We see demand for skill injectors growing as a cycle of earning ISK to pay for injectors to enable better ISK earning to buy more injectors become commonplace as some feel continually left behind.
EVE is facing a strange problem. Experienced players, having conquered the game, literally having nothing more to reach for, slowly drifting away from the EVE looking for something new to release that dopamine. New players, conversely, facing the daunting task of trying to carve out a place in New Eden, being surrounded by older players who can outcompete them in every arena, making their progress in the game even more difficult.
The learning curve of EVE is notoriously steep and continues to keep getting steeper. The attempts to somehow restrain and push older players are having an order of magnitude more powerful effect on newer players, laboring under the HTFU changes that have come into play more recently. At the same time, the older players, rather than being constrained, are finding more ways to exploit changes to become increasingly powerful and wealthy.
This is an exceedingly difficult game design problem to solve. There are no simple tweaks or adjustments that will result in a game alluring to players new and old. The harsh reality is that complex problems require complex solutions.
Not keeping the idea of player aspirations and goals at the forefront of a vision for EVE would be a mistake. While minor tweaks to ships and the environment are welcome improvements, they are no substitute for a set of new goals for players to sink their teeth into.
Players drive the stories in EVE. While CCP may create opportunities for new goals and achievements, it is the players that determine the paths to them. The methods developed by the player hive mind are often surprising to the developers, who might have had different expectations.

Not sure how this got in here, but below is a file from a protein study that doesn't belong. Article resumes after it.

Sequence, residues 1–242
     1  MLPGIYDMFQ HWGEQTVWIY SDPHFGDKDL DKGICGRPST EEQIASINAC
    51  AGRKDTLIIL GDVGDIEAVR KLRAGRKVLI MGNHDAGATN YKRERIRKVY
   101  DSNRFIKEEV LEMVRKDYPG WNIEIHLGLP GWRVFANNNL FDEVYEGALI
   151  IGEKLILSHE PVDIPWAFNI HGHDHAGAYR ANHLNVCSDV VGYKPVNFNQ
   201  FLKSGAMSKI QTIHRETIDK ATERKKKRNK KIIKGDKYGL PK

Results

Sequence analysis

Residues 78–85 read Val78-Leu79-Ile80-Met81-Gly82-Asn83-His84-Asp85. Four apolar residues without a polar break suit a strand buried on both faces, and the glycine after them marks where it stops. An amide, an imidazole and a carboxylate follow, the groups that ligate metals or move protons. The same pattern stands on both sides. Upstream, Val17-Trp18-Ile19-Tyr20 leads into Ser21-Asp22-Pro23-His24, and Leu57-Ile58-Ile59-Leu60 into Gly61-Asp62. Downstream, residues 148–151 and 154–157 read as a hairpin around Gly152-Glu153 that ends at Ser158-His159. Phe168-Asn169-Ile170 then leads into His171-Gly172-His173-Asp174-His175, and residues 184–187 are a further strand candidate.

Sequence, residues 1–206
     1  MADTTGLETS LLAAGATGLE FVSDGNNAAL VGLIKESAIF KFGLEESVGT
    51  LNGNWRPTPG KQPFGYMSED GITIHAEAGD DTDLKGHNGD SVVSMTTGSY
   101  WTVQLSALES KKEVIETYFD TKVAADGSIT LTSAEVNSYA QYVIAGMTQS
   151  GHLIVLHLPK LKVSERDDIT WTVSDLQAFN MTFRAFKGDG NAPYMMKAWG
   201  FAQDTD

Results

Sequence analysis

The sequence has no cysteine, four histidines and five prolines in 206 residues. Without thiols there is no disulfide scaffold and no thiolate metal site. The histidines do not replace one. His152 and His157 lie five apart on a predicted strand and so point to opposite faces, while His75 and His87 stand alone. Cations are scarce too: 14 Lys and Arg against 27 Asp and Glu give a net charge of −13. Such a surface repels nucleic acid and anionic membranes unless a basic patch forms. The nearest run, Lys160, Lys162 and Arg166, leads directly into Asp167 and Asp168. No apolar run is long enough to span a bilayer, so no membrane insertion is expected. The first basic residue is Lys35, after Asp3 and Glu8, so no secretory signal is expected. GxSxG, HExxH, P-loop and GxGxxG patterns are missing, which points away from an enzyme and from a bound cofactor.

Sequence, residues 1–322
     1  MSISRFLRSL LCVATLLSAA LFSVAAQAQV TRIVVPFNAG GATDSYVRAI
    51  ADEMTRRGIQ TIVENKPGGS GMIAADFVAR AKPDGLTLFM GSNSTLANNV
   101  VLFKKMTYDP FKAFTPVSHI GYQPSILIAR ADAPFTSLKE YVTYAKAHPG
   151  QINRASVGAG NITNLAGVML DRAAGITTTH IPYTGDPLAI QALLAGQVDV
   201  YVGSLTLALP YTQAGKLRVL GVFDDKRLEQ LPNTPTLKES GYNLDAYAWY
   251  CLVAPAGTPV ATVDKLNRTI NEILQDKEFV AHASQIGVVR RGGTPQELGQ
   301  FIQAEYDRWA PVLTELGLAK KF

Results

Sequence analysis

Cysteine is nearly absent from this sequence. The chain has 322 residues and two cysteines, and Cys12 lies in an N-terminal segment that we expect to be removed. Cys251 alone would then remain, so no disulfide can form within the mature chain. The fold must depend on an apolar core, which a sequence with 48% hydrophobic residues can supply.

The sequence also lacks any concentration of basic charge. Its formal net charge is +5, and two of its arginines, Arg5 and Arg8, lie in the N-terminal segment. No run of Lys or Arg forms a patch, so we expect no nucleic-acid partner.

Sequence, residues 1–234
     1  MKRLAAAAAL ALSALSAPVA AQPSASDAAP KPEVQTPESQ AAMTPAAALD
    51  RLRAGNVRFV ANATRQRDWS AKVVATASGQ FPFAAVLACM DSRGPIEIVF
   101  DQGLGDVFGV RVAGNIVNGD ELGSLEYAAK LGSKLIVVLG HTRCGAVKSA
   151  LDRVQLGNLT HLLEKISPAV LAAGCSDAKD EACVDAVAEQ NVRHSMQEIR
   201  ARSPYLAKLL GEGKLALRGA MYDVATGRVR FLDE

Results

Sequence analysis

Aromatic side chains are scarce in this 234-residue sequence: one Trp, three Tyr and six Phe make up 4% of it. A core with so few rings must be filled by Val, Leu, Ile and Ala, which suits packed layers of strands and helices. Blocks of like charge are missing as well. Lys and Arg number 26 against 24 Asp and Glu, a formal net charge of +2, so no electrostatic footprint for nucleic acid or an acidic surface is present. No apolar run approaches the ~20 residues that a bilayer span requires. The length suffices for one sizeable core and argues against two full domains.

Hilmar once said “We want to be the janitors, we want to be making sure the lights are on and everything is operational…”
Yet, recently we see a strange dissonance in the game design focused more on constraints to force player action rather than opening up new opportunities for exploration and achievement. Significant changes to the games like Pochven & new stargates are promoted as player driven, but clearly the changes were fait accompli, regardless of the players actions. Disillusionment when the facade of agency was revealed was disheartening, especially to those that participated intensely.
Players create almost everything in EVE, from the ships and citadels to the drama and propaganda to the headline creating battles and wars. But the players cannot create new aspirations in EVE. New mountains to climb and depths to plumb are needed, yet we see minor adjustments to what equipment to use on the same worn paths instead.
Currently, EVE Online is like a giant cruise liner, full of passengers. The crew is constantly adjusting the menu and evening entertainment to keep people happy. But the ship has no destination and no one knows where it is heading. At some point, the captain must explain where they are taking everyone.